An economy of senses

December 4, 2013


I believe there is an economy of senses at work in architecture. Like any economy, it affects processes, optimizing certain outcomes that are considered to produce a certain utility. An economy is not inventive as long as conditions for its actors are unsecure. The economy of senses is under the influence of the normal economy of money in society, and the economy of time, learning and credits in the academic context. The economy of senses is a building block in the systems that create most architecture.

In my studio, we work exclusively with abstractions. Some create models of the site and try out geometries and volumes, expressions of card and foam. They search for the sightlines, for volumetric relationships to please the eye. Others do schematic diagrams of activity and spatial relations at hand, constructing a complex but yet simplified idea of how reality works. Others again draw plans and sections, counting the square decimetres in search for a perfect arrangement for the presumed function. The tools at use are all concerned with the eye and the brain, working smoothly into the tradition of western thinking.  

Because the economy credits certain outcomes, it influences our behaviour. Given what is scarce (= what does cost, that is time), those things tend to be foreseeable solutions, clear organisations, which in its turn lead to abstractions and the use of tools that easily and quickly communicate the abstractions, with minimal disturbance of pre-existing shared values and rules. The subject is less economic than the object. We abandon tools that can bring sexed relationships into design.

In my studio, there is a constant lack of time. The mind constructs things bigger than time will let us express, which leads to disembodiment of ideas. We try to express much with means we have learnt through, knowing that sight is an efficient sense to use. Through this forced decision – rational in relation to demand – some qualities cannot be communicated and lose their influence on the result. Under the circumstances, we do not want to change – as in all power relations, the current state is convenient to those in power.

The limitation of choice is at one hand both a prerequisite and a limit for architecture. Just as the brain of a child react to responses by removing some possibilities and promoting others, our understanding of what we create need a common ground of methods for communication – that is, communication cannot be individual, even if we can have ambivalent or differentiated interpretations – but must also allow for the dialogue with the self, independent of this economy.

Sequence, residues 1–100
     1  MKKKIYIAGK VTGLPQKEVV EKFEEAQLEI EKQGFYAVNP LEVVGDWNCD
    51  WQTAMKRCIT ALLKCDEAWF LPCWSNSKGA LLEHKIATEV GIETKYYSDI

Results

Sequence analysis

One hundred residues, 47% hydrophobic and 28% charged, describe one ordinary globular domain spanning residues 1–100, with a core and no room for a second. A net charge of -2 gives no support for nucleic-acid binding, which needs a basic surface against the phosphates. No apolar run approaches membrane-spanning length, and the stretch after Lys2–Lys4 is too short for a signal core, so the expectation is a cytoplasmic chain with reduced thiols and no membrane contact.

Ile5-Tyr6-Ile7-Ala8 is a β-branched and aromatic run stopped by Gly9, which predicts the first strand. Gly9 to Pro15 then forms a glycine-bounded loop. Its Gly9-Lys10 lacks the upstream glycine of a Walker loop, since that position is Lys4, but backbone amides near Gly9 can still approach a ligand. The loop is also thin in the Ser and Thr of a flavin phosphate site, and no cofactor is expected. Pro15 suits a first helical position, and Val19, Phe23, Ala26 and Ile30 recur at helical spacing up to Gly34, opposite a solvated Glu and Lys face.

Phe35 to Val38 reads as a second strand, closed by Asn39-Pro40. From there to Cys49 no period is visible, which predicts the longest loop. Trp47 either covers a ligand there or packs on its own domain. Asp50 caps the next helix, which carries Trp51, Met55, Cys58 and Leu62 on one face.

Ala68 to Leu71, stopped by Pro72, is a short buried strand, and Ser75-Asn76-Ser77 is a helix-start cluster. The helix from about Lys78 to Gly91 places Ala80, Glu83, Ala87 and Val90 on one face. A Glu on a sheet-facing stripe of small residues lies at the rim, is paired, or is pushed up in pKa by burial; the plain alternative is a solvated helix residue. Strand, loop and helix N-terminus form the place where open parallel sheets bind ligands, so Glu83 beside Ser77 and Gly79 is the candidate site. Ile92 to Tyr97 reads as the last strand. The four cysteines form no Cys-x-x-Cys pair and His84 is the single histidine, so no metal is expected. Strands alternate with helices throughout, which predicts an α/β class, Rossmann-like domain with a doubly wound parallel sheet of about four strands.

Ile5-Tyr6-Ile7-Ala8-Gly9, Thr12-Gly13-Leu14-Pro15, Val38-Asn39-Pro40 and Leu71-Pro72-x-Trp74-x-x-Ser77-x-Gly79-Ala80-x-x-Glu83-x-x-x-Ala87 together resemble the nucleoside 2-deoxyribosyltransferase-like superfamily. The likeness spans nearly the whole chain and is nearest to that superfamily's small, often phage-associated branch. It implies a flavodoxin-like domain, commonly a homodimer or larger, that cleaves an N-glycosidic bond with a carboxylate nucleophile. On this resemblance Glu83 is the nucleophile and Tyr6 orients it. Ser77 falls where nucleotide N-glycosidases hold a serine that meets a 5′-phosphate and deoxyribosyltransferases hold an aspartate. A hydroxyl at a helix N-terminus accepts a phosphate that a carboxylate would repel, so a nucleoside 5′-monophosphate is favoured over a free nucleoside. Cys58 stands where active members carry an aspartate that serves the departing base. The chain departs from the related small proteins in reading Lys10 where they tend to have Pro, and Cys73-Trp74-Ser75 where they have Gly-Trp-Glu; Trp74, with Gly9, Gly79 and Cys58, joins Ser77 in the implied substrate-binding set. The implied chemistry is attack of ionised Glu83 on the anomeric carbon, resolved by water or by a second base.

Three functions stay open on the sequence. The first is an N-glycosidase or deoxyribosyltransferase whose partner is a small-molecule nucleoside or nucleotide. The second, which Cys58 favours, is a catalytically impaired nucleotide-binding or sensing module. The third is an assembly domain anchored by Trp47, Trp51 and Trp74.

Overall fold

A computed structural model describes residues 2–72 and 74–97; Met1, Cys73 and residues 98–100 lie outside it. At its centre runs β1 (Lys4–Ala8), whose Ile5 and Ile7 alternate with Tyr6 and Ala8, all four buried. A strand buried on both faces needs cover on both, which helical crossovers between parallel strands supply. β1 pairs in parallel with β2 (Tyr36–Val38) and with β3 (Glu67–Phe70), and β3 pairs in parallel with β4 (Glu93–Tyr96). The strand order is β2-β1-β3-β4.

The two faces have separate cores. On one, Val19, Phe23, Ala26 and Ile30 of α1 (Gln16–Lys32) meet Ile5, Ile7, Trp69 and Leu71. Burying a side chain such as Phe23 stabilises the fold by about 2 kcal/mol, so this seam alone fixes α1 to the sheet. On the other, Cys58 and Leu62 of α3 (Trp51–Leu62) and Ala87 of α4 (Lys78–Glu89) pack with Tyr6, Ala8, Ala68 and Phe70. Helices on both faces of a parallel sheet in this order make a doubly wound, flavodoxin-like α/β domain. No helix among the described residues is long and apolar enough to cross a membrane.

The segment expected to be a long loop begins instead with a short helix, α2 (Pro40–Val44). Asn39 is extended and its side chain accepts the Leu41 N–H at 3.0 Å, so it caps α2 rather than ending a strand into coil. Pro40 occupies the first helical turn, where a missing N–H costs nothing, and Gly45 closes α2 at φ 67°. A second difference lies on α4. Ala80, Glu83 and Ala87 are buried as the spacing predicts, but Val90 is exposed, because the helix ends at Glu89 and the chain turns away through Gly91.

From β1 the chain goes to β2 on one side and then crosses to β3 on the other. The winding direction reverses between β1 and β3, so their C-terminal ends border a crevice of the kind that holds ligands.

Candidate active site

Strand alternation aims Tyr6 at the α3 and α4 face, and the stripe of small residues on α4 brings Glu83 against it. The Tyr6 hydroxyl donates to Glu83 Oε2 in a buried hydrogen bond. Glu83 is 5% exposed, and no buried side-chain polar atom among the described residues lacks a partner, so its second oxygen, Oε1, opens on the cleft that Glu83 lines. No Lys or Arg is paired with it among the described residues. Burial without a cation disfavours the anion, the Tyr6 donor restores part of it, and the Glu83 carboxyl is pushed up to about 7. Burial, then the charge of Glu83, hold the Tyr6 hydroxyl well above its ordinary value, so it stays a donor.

In my studio, we develop a sensory relation to our abstractions – a kind of meta-tactility. We talk about the qualities of the materiality in a model, which is perceived to have both representational value but also a value in itself. We develop a sense for knowing how our computers – themselves a proof of the dominance of visual means in the current economy – work and ascribe them feelings. We carefully tune the graphic style of our drawings and filter our images to express something more than what the show technically. Those abstractions are given a value on the “market” of architectural critique. Maybe it is filling in for the missing sexed tools in our process?

I see this “phantom tactility” as proof for our receptive capabilities towards sexed modes of interaction and with our design process. So much so, that we tend to keep it even if it is not required in a certain project – it has become a habit that itself brings us utility of stability, predictability etc. – a kind of private economy often thought of as method. Thus, the method does not depend only on the economy, but also on habit or culture. It reflects Irigarays theories of “a new positive “economy” of touch and sensation which is created through shared intimate spatial relationships and histories”. I think it is this delay of adapting to economy that we must use to bring in new methods into design. Just as Irigaray, I also think that this is the best argument for the architectural education to be separate from commercial or institutional practice. In an environment where the values of outcomes can be modified, we can achieve methods with the potential to challenge the dominant architectures and unsexed modes of communication.

In my studio, we need to learn again to design from smell and sound and touch. We need to build methods and competence so that our next action when we feel the park bench or hear a door close is equally obvious to us as when we see a drawing. We need an institution that puts out the light.

–       Johan Alvfors

Reading: Rawes, P. (2007). Irigaray for Architects. Abingdon, UK.: Routledge. Chapters “Introduction” and “Touching and Sensing”

Inspirational practice: arqbauraum,


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